Sanju negative

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Sanju negative

Sunday, 24 March 2013 | Pioneer

Sanju negative

Sanjay Dutt has been sentenced for a crime he admitted to committing 20 years ago. As the nation debates whether the now reformed star should be punished or pardoned, Meenakshi Rao & Deebashree Mohanty tell you how the punishment was long time coming for a brash child who never grew up, pained his star parents by taking a wrong path and reformed only too late in life

When Nargis Dutt was being taken to the US for treatment of pancreatic cancer, she was suffering yes, but not just because of this near fatal ailment. A much more debilitating problem was killing her in the mind — seeing her son falling into a trap from where she knew there would be no coming back.

Sanjay Dutt, turning 21 back then, had been showing all kinds of signs that kill parents emotionally — he had dropped out of college, was hanging out with rogue friends and was taking to drugs in a big way. For a mother who doted on her only son, this would have been the final straw.

“Please look after Sanju,” she desperately appealed to her elder daughter Namrata. “See that he does not get mixed up with those silly boys again. He is too stupid in his head. He does not realise what he is doing and know it is going to hurt him,” she said.

A year later in 1981, she returned home – only to pass away four days before the premiere of Sanjay Dutt’s debut film Rocky. Even today, Sanjay, at age 59, gets moisture in his eyes when he talks about it: “Everyone thinks my mother died of cancer. Actually, she was cured of cancer. She died of a urinary tract infection due to lowered immunity levels,” he said recently while inaugurating the Nargis Dutt Cancer Memorial Hospital’s paediatric cancer wing.

What he does not say, and perhaps is still unable to admit to himself even privately, is that the lady who stole a million hearts on silver screen went away broken hearted about her son.

For 25 years after her death, her husband Sunil Dutt carried the cross of dealing with this wayward son. He aged doing that. It broke him too, trying to clean Sanjay of drugs, keeping him out of bad company and attempting to give his life a positive direction. In the end, when a TADA case was slapped on Sanjay for possessing weapons that may have been part of a consignment used in the 1993 serial bombings of Mumbai, Sunil Dutt, an MP and a patriot of immense respect, could only writhe in helpless pain of being the father of a son tainted with such grave anti-national charges.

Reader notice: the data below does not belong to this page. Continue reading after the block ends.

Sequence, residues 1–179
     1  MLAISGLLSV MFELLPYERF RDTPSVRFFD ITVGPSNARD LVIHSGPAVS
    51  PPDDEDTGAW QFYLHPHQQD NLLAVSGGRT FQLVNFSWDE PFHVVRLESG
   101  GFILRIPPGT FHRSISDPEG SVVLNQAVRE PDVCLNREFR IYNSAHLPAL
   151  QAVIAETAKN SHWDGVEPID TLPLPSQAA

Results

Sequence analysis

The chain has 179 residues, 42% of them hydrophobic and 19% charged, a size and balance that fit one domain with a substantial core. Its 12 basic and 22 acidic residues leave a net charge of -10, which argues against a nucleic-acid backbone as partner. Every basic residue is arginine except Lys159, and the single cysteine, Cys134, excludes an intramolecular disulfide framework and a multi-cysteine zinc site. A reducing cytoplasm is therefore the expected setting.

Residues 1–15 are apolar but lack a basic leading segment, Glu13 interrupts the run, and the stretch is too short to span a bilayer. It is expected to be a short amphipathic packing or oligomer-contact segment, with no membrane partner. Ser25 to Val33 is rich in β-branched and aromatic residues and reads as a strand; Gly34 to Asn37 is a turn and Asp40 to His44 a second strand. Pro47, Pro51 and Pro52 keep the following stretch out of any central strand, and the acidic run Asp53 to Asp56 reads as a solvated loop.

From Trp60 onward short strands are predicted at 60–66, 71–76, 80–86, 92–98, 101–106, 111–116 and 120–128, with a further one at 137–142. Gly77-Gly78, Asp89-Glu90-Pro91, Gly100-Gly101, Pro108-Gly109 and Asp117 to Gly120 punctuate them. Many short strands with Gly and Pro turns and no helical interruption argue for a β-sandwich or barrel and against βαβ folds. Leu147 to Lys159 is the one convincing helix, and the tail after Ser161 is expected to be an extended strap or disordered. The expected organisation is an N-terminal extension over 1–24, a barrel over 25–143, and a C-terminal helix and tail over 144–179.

His daughter Namrata, in a salutary book on her parents Mr & Mrs Dutt, tells you how her broken father felt helpless and humiliated. “He would drive down to Arthur Road police station (where Sanjay was lodged) at 3 am and sit outside all alone,” she writes.

Sometimes, he would seek help from friends and followers like director-producer Mahesh Bhatt who has been privy to the Dutt family’s unending sufferings due Sanjay and his misguided ways.

Dutt saheb did manage to get his son de-addicted in the same hospital where his wife had been treated of cancer, but what he could not do was change a much pampered Sanjay’s penchant to court trouble, Bhatt tells you, explaining how Sanjay is the creation of his own actions, a child who never grew up, a brash youngster who is no anti-national, just a perfect case of bigada shehzada who pegged his life too stupidly on controversies.

“Sunil Dutt was a strict disciplinarian. But he was lenient when it came to Sanjay. He was very protective towards him and would ignore all his addictions. Probably because, he felt that Sanjay was the most hit by Nargisji’s death. Even his sisters, especially Namrata, are possessive about him. Sanjay lived in a protected cocoon built by his family. The real world did not exist for him. Not till he spent 18 months in jail. That changed him a lot, made him much more responsible and a mature actor,” Bhatt says.